However, I guess I need to reiterate what I'm doing here:

    1) I like D&D. So much so that I'm starting to look at the similar kernal of the editions and put aside my prejudice against various editions (it may not SEEM like that, from some of the things I write, but just take my word for it).

    2) In reading up on the intention of the 5E designers, I came across this "three pillar" concept and thought it was a heaping pile of shit. That is to say, it's like they just want to set themselves up for failure.

    3) I decided to offer an alternative three pillars. That might not have been clear. These are my opinion (not anything God whispered in my ear) and my reasonings behind 'em. I feel (personally) designers would be better served by looking at something like MY idea, because it's better than theirs (again, my opinion).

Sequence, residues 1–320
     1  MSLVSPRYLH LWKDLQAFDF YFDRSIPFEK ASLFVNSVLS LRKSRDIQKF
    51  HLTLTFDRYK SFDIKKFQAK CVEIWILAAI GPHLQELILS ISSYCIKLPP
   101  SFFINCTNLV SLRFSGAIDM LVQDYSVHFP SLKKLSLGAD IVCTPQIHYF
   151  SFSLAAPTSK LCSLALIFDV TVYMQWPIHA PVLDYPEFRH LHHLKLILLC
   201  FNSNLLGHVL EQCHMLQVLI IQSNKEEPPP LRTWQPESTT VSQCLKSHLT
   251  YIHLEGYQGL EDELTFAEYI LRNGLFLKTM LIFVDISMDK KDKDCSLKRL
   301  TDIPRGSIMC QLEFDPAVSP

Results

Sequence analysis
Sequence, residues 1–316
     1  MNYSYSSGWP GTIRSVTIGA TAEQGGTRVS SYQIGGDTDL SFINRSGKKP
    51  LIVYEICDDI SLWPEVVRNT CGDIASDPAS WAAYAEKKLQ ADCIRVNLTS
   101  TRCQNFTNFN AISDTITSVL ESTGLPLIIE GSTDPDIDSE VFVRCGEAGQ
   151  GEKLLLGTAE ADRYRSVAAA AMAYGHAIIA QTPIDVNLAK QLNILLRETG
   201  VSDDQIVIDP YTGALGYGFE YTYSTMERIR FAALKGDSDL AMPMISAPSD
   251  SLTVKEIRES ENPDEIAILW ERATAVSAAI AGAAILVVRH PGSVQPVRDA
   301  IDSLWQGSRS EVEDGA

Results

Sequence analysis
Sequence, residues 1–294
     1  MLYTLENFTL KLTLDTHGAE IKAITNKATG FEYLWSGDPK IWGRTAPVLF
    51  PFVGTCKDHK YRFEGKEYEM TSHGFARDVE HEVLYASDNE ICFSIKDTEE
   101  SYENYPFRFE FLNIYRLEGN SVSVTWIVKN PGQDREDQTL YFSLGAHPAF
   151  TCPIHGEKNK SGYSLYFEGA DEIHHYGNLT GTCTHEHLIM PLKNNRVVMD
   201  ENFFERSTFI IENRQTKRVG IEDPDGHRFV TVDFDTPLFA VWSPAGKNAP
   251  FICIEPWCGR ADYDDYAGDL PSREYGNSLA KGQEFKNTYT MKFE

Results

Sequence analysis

4) I acknowledge that they don't give a rat's ass about my opinion. But I write a blog and it's something to blog about and interesting to discuss (from my point o view).

    Whether or not combat occurs in 99% of D&D games is dependent on a lot of things, not least of which is the design of the game. If WotC makes a game where every skill and feat is combat related (see for example, Saga Star Wars) and then award points (i.e. XP) for defeating opponents, what do you think is going to happen? Design matters...if you want your game to look like something OTHER than a slug-fest, then you have to take it into account when designing the game.

    Like the Republicans, they're starting off on the wrong frigging foot regarding their ideology.

    @ Alexis: Which is why I consider myself a hack as opposed to a writer.
    ; )

    See my response to the Iron Goat. It may be that the series will make more sense as a whole.

    (I suppose I could just devote a week to each pillar, but dammit, I DO have other things to do!)